SHELBY, Ohio — Tornadoes have no mercy and neither do the scammers who swoop in like scavengers after storms, preying on panicked homeowners.

Kelly Worner’s home was hit twice by a tornado. But she learned quite a lesson after the first one.

"My contractor forged his credentials and recommendations. I wouldn't make that mistake again,” she says.

In Shelby though, they're sitting ducks. Dishonest contractors, often from out of state, will be driving around looking for a quick way to make cash.

"We see the contractors usually coming in, even as quickly as 24 hours, says Charlie Worsham, Director of Field Operations for the Midwest Bureau of the National Insurance Crime Bureau.

"They follow the storms, as well as the meteorologist. They know where they are, where they just hit and they're there in a matter of less than a day.”

Typically they'll show up at your door offering repairs at cut rate costs. Even promising to work with your insurance. But for that deal, you'll need to say yes right then and there, or else the deal’s off the table.

Chad Holladay, who is a licensed roofer says, "There’s a lot of people that use scare tactics to get you to sign early, telling you ‘hey you've got hail damage, your roof is going to leak, you’ve got all kinds of problems’, and that's just not warranted.”

Often, minor repairs will do until you can find a reputable contractor. But when fear takes over, that's when people get taken.

“Too many times the home owner is in such a rush to get the roof on, that he doesn't review the contract,” says Jim Gillen, a Special Agent with the National Insurance Crime Bureau. “The person that they thought was a legit contractor isn't. So, you might wind up paying him money for half the fees in the beginning of it and he's gone. He’s taken your money and left.”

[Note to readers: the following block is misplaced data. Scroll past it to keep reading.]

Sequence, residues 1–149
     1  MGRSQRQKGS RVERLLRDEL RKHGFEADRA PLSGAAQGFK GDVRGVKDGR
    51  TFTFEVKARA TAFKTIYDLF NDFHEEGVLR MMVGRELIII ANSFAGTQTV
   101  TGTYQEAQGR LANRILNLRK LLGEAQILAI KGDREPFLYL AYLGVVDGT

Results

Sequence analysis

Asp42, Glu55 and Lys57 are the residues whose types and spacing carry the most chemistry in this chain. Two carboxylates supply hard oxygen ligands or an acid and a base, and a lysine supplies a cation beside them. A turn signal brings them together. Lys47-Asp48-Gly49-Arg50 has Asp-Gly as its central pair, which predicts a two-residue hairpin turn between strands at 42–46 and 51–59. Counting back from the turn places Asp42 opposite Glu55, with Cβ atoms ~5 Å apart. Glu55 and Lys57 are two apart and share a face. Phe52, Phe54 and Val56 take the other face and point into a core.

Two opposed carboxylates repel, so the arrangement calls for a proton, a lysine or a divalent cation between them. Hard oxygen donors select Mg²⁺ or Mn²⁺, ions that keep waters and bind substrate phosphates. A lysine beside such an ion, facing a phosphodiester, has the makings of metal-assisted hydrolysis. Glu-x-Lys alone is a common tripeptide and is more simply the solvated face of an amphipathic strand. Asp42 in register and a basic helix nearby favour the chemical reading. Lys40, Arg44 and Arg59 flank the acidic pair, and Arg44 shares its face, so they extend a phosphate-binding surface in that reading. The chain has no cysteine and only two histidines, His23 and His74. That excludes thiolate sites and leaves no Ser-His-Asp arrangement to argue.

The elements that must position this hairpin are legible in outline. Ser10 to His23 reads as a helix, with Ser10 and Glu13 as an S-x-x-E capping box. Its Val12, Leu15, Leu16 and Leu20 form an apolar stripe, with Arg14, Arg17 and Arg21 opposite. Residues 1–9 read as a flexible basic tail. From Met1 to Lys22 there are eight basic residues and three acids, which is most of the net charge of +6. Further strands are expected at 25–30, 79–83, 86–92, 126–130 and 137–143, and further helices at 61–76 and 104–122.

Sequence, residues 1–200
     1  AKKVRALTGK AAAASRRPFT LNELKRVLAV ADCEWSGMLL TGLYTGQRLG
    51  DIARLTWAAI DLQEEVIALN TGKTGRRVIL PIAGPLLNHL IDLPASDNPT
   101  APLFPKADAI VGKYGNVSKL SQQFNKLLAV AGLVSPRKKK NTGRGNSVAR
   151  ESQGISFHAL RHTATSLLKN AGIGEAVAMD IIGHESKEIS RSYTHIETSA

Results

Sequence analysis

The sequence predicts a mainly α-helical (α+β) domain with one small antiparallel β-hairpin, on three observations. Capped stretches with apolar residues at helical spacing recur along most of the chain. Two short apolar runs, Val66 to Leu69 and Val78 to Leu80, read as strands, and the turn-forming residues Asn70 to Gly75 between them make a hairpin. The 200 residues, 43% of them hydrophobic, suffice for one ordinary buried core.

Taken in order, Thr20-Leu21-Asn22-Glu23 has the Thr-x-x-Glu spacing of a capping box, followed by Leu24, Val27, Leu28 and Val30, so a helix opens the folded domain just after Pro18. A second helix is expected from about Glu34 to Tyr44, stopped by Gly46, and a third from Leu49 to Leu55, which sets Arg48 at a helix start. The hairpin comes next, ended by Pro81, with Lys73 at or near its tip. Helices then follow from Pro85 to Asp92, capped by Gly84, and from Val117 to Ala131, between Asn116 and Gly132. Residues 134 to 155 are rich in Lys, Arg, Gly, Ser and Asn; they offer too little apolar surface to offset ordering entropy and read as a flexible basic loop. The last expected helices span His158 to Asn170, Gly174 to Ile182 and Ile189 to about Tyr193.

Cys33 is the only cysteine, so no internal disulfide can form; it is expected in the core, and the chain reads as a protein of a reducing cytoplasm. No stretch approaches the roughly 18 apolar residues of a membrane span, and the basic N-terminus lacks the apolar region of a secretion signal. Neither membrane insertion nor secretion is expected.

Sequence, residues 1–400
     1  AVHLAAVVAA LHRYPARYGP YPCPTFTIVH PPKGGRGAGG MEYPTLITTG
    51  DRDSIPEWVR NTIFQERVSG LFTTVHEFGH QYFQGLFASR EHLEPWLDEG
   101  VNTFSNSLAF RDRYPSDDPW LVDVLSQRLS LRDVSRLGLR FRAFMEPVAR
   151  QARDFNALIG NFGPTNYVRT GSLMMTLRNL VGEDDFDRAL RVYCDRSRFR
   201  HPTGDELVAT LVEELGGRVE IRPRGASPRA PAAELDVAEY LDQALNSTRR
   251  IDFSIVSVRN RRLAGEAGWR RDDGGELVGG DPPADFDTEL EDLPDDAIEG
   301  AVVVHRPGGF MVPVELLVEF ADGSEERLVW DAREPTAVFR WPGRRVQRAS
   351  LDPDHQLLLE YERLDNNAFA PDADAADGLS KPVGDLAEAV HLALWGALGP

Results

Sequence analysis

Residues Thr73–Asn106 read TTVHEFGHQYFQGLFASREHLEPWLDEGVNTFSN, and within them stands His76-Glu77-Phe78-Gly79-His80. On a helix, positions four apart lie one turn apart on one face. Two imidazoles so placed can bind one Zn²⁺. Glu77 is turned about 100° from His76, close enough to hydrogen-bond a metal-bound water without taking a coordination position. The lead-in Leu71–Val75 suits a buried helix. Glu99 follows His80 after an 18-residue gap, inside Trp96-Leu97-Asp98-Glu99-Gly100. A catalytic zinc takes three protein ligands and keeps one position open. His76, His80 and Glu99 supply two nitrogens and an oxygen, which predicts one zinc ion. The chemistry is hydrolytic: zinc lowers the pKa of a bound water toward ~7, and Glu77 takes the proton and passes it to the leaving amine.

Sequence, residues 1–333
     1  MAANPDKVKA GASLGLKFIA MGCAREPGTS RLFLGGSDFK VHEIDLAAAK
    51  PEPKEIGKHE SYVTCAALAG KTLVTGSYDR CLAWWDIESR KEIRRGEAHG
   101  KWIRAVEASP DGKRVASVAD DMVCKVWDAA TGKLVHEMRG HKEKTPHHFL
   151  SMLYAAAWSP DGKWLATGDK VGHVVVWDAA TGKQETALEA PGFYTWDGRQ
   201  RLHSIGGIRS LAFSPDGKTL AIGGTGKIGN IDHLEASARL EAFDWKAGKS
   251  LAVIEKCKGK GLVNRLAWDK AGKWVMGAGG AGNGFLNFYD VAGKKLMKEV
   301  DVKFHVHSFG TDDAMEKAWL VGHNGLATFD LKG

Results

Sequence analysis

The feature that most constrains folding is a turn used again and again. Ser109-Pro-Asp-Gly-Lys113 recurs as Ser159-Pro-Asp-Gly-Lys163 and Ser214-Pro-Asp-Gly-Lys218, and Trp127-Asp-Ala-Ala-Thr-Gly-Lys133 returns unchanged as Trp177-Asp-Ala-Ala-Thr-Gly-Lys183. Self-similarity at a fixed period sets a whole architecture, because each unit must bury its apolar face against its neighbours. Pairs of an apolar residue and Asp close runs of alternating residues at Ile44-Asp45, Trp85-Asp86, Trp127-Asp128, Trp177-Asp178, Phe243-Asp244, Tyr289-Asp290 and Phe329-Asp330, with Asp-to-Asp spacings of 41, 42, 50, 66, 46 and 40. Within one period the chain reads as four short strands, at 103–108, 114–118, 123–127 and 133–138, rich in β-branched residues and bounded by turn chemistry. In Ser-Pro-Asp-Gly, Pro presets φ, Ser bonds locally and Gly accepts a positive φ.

The NICB has these tips to avoid getting scammed:

-Avoid solicitations

  • Call your insurance first
  • Check out any company you're considering hiring, with the Better Business Bureau, the Ohio Attorney General, or the Ohio Secretary of State  
  • Make sure to get everything in writing
  • Read the contract carefully
  • Never pay the full amount upfront, or in cash.

In Janet Kehre’s neighborhood, at least three houses were destroyed and she lost her garage.

But the residents in Shelby say they'll be just fine. Because it’s their neighbors who will be swooping help one another.

"You'll be surprised how quickly all this will be cleaned up. It will be a complete different picture," she told us.

Ohio law protects consumers from door- to-door sales, by giving them three days to cancel a contract for any reason. Contractors need to provide you with a copy of that form to sign. And they are not supposed to begin work until the end of those three days.

For more information on door-to-door sales in Ohio, click here.